Christian Noyer, the head of the Bank of France said that Britain deserved to be downgraded before France is downgraded. These words may not launch a thousand ships but their equivalent in the modern era.

The Reserve Bank of India did the right thing on Friday. It left the monetary policy setting unchanged. Wise move. Its forward-looking guidance was too open. The current RBI dispensation is too eager to be too transparent in terms of policy guidance. No need. Of course, it clawed back some maneuverability in the last paragraph.

Thoughts on gold

I post here a brief note I sent to former colleagues:

As we write about the performance of various assets in 2011, we do find that the US dollar has appreciated the most against Indian rupee and has gone down the most against Gold. The margin is around 15%(this number would be a bit lower now that gold had dropped a lot overnight). In spite of all the angst at the recent inability of gold to rally in the face of mounting risks globally, the fact remains that Gold has ended 2011 a lot higher than it was at the beginning of the year.

Many people think that Gold is a safe-haven against risks and these risks are mounting, the world over. However, as long as faith in paper money remains intact, gold will be one of the safe havens and not the only safe-haven. After all, it is a non-yielding asset. In a year when most fund managers – long, short, long/short – found it very difficult to make any money, it is tempting for them to sell gold where they might have good gains in 2011 and invest the money elsewhere for some quick gains in the last few months or weeks of the year.

Then, there is the forced liquidation of MF Global. We do not know exactly what kind of bets were taken, how much needs to be unwound and within what time-frame, etc. That might be having its own impact on the prices of commodities, incl. Gold.

Third, Indians who are the world’s biggest importers of Gold, have reduced their gold imports in the last two months. Their gold imports in the first nine months of the year were significantly higher than in 2010. But, as the Indian rupee declined rapidly in October and in November, Indian gold imports declined. At the margin, it is a negative but not a very significant factor.

Fourth, many European banks are actively deleveraging and selling off assets. They are not lending. They need to resize their balance-sheets and hence, their clients too. Gains in gold must be handy for many to re-liquefy themselves. In fact, this deleveraging is the most important driving force behind the last two days’ accelerated sell-off in gold.

I could think of the above four explanations as to why the recent performance of Gold has been disappointing.

Nonetheless, I would not despair. I would keep my faith in gold as a potential store of value, as an alternative to fiat money and as an insurance against the ‘end of the world as we knew it in the last thirty years’.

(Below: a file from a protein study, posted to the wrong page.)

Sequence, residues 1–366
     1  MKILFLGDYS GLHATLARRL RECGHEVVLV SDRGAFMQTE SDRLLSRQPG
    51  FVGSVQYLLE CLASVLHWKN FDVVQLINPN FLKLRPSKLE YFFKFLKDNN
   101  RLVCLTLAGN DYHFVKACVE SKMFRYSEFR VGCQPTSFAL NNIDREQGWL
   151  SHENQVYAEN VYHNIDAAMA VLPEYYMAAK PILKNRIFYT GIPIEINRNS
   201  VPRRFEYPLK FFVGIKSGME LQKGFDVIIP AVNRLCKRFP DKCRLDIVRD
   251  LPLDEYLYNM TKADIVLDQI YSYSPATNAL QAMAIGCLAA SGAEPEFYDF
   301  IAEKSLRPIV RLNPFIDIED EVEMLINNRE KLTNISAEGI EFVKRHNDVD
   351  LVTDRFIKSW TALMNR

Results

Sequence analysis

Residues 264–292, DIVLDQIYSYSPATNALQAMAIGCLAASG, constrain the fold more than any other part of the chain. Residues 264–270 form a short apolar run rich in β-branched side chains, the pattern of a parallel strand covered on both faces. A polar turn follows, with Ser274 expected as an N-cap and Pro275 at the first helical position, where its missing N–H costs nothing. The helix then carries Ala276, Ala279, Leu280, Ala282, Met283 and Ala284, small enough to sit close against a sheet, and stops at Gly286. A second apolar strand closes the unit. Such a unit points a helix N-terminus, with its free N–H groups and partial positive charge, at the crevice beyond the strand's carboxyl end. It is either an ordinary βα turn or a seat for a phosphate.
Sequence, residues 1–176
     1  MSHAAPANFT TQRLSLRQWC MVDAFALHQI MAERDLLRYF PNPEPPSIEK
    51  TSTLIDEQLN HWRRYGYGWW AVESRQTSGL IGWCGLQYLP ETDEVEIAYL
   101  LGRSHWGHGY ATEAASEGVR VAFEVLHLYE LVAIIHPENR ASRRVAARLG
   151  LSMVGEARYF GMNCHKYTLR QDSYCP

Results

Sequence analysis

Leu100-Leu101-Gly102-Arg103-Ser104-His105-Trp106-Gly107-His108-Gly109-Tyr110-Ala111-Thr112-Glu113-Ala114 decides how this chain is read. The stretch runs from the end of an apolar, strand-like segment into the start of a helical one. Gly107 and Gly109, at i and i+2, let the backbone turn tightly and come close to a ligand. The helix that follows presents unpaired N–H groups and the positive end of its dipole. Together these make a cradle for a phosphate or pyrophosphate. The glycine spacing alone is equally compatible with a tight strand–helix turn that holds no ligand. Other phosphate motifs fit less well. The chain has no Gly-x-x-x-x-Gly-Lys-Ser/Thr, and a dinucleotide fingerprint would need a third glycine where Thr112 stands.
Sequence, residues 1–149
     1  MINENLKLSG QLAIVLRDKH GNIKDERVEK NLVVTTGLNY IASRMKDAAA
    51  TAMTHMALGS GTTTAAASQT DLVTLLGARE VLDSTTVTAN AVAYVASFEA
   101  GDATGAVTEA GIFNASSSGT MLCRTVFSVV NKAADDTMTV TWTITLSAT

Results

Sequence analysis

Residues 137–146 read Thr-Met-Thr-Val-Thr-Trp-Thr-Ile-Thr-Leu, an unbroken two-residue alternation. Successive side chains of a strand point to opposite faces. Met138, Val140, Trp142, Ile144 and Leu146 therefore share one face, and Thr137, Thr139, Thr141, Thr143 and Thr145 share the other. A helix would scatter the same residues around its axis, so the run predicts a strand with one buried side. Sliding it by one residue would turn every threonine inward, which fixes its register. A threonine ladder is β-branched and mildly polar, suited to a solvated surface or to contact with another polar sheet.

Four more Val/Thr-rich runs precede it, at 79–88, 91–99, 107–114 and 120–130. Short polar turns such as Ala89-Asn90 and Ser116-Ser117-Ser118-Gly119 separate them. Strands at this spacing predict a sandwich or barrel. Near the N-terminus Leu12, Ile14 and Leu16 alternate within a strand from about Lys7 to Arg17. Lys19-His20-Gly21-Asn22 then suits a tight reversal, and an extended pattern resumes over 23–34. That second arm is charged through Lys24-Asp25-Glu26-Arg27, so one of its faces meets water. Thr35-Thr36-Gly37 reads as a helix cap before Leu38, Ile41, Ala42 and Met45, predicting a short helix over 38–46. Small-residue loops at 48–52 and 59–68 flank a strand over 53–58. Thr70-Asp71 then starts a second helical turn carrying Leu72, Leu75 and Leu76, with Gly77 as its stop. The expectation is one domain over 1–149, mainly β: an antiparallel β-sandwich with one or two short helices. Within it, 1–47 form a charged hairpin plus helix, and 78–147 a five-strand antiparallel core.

When we look ahead to 2012, we must include two other reasons that not only explain the recent lacklustre (pun intended) performance of Gold but also potentially point to a bright outlook for the metal:

(1) Recent US economic data have been on the stronger side and that has also put a gloss on the US dollar. At one stage, as the US economy appeared to disappoint in the summer months of July/August, the talk of an imminent round of quantitative easing (no. 3) by the Federal Reserve lifted the price of Gold. But, political opposition in the US was fierce and data improved too. Talk of another round of QE in the US has diminished considerably lately. That is another reason for the dollar to do well against Gold.

However, we do not think that the performance of the US economy or that of the US dollar to be sustainable. Indeed, as we approach the second quarter of 2012, the US economy is likely to begin to flounder again. Recent consumer spending strength is bound to be transitory. Both jobs growth and income growth are too anaemic to support US consumer spending on a sustained basis. Talk of a looser US monetary policy would be revived soon. That will cause dollar weakness (esp. vs. Gold) to resume in 2012.

(2) In the Eurozone, the European Central Bank (ECB) has, so far, set its face against unlimited and unrestricted support of the debt markets of Eurozone sovereigns. This is mostly semantics as ECB bond purchases have been helping to keep the bond yields of Italy and Spain from rising alarmingly high. Nonetheless, the market is looking for signs of unqualified ECB support. In the interests of preserving the single currency as it stands today, Eurozone leaders would go through the political process of granting rights (or, responsibilities) to the ECB to be a lender of last resort to Eurozone governments. That would open the doors for money printing by the ECB in 2012.

Thus, once we have economic weakness in the US and unqualified money printing by ECB, the next phase for gold gains would commence.